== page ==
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Now I want you to know, brothers, that what has happened to me has really served to advance the gospel (Philippians1:12)
The wording of this passage seems to suggest that possibly the Philippian church was concerned that now that Paul was in prison, the work of spreading the gospel may have been curtailed. On the other hand, Paul wants them to understand that exactly the opposite was true.
Paul, here says that the things that happened to him actually caused the gospel to cut through and go forward (Greek prokope). Originally, the word carried the image of a pioneer cutting his way through the brushwood. It came to mean progress or to advance forward.
Instead of seeing the prison confinement as an event that would possibly stop the forward movement of the gospel, Paul was seeing how God was using it to move the evangelistic drive forward. He continues on to explain this.
More in-depth Insights
Now I want you to know. Paul is now reflecting on himself as to how he feels about his trials and how his imprisonment in Rome has affected him. His reason for divulging this information is that they were lovingly connected to him and would be interested in his well-being. Second, it was conceivable that they might hear baseless speculations about how he was being treated. And Paul wanted them to have accurate knowledge of the truth. Third, he had actual insights that he wanted to pass on to them, which would bring them much joy related to his imprisonment.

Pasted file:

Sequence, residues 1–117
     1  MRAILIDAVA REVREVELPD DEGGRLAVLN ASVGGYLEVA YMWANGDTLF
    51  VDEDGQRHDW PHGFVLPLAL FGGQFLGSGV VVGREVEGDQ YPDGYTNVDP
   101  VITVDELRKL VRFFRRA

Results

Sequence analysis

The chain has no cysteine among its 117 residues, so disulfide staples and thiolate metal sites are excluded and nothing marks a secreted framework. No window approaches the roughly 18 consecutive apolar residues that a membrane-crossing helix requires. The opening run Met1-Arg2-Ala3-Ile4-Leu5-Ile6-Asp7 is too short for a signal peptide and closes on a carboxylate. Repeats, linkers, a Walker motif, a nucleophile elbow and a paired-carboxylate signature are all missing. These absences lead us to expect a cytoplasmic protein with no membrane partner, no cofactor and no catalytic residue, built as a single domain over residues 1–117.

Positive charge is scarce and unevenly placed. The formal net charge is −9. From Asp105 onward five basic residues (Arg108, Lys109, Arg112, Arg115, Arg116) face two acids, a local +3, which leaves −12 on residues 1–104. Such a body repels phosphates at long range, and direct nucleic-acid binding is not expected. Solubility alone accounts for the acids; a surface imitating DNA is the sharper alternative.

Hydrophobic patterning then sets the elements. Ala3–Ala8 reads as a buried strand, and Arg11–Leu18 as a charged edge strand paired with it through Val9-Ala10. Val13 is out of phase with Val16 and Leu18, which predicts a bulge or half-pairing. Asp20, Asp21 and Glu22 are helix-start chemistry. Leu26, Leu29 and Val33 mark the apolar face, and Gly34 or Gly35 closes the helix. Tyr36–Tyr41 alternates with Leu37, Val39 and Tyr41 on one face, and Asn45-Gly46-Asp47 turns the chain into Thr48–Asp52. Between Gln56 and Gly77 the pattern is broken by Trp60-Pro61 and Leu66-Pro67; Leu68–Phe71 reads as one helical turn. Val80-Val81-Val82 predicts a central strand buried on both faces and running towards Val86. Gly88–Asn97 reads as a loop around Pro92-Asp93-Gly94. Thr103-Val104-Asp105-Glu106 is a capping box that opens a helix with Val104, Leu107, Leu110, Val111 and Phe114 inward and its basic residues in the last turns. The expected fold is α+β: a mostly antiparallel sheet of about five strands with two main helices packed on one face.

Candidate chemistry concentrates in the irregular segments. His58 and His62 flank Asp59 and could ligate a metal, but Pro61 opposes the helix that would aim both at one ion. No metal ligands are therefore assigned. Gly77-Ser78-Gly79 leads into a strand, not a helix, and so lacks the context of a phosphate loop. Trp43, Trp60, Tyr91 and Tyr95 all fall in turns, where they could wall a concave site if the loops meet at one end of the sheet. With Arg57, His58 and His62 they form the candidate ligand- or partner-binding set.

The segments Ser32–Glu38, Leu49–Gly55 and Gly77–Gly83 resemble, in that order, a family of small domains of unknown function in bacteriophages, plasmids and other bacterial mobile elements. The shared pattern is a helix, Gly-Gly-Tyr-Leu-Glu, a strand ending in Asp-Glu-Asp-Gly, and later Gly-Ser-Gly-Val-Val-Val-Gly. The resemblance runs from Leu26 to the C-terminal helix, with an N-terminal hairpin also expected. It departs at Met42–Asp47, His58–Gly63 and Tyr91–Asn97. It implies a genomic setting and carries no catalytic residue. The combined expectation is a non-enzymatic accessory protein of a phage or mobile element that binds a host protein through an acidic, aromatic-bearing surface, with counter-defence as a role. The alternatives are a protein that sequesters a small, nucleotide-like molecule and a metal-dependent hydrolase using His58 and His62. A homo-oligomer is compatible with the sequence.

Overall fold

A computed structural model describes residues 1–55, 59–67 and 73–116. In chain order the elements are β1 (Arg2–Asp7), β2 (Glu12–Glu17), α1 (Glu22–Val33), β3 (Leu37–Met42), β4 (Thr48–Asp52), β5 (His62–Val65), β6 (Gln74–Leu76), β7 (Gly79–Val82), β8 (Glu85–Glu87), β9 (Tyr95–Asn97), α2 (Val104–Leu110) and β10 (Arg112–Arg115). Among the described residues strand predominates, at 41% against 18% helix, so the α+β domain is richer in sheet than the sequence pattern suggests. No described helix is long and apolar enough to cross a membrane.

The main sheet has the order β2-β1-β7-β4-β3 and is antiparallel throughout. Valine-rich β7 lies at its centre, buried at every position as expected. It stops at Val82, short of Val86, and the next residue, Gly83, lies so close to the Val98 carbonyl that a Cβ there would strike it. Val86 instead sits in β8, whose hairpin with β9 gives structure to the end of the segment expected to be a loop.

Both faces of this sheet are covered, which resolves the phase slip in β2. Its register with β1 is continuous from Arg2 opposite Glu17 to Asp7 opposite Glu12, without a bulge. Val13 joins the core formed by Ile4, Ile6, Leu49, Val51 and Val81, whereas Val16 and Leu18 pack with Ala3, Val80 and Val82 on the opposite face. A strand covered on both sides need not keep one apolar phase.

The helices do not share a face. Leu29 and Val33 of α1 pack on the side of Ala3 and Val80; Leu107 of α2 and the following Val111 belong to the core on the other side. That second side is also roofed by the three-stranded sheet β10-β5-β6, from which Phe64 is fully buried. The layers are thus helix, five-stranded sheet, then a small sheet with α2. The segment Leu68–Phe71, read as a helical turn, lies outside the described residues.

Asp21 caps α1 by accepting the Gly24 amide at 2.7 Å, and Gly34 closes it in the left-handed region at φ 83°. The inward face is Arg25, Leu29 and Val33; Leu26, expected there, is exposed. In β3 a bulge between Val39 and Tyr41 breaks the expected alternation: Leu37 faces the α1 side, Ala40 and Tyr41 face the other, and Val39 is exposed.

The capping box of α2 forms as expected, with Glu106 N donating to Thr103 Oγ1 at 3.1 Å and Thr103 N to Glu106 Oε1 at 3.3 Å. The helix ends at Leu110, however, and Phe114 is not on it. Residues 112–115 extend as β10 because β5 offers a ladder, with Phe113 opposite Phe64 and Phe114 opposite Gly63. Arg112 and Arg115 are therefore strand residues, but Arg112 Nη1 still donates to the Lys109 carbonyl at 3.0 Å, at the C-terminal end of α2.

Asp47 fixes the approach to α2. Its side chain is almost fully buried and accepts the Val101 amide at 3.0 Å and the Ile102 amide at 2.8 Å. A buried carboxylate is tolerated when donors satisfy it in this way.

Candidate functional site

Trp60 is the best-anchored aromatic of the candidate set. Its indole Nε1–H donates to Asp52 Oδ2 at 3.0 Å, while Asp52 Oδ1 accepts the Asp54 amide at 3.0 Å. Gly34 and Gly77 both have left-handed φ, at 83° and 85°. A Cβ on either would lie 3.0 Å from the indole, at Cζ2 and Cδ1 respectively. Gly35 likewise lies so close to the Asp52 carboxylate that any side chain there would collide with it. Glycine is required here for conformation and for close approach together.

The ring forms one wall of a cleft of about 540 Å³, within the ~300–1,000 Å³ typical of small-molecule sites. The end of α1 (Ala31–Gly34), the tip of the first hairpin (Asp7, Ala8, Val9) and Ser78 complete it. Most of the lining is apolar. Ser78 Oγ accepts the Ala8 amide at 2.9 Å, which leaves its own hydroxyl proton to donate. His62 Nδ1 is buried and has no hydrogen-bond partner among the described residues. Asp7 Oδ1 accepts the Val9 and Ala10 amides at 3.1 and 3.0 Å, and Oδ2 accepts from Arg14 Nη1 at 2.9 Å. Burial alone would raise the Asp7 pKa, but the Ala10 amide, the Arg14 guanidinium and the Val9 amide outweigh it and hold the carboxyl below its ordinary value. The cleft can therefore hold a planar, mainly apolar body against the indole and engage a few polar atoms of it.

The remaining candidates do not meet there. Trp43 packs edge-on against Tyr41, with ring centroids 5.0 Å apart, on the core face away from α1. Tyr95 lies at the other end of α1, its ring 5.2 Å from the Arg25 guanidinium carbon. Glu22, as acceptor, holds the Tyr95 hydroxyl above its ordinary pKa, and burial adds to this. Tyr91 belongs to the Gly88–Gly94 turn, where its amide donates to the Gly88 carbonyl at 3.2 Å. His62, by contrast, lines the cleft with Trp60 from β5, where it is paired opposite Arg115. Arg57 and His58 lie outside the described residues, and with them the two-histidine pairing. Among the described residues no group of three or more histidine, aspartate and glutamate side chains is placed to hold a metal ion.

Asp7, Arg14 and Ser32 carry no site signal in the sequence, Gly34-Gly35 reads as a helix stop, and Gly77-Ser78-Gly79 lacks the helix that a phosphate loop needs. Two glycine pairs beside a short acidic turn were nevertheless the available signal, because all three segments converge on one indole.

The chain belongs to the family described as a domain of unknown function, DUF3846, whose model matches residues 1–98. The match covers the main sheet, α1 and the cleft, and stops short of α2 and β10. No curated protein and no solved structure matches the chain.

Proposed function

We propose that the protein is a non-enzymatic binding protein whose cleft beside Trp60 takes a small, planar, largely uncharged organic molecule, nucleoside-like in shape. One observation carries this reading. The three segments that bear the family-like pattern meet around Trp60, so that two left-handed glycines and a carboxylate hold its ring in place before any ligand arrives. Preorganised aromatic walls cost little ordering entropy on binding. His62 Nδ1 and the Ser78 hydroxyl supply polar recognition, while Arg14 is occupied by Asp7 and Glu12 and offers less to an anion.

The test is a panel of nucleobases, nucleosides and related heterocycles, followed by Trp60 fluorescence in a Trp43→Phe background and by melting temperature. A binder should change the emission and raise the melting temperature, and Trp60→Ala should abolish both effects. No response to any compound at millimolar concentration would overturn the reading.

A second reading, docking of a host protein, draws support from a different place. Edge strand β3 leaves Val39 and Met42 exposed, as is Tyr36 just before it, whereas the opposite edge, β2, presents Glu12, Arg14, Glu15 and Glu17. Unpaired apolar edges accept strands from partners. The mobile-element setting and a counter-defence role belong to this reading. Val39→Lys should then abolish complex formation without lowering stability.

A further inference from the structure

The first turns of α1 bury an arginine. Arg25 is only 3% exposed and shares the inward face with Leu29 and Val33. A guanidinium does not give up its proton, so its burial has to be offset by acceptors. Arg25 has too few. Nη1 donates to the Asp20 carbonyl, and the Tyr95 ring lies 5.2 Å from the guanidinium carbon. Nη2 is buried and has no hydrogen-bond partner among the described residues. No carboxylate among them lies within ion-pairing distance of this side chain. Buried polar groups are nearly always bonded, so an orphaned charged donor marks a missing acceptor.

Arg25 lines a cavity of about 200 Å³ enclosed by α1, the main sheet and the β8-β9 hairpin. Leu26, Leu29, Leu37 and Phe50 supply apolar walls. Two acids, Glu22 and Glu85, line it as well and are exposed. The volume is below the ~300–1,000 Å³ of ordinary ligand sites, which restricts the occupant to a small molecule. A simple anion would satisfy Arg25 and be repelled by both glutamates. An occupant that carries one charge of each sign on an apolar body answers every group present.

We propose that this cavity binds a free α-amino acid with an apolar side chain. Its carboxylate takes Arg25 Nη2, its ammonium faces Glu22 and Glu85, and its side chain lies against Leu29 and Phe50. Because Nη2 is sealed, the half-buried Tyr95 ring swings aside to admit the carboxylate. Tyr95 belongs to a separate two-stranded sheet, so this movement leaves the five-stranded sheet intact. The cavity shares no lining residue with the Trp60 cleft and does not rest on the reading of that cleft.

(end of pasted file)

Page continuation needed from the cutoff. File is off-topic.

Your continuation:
That what has happened to me. There were false accusations lodged against him, so he was forced to appeal to Caesar. So, he was taken to Rome as a prisoner. (Acts 25–28) His being arrested and imprisoned could have impacted his ministry in two ways: (1) putting a negative stain on those he had already brought into Christianity, and (2) negatively impacting anyone he may evangelize in the future.
[It] has really served to advance the gospel. However, it has turned out to be just the opposite, as if a man is willing to die for what he believes, it as a minimum deserves a hearing ear. This proved to be the case through the first three centuries of Christianity. Every time the Roman government persecuted the Christians, martyring many, their numbers went up.
 Jerry Falwell, ed., The Liberty Annotated Study Bible, King James Version, ed. Jerry Falwell (Nashville, Tenn: Thomas Nelson, 1988). Note on verse 12.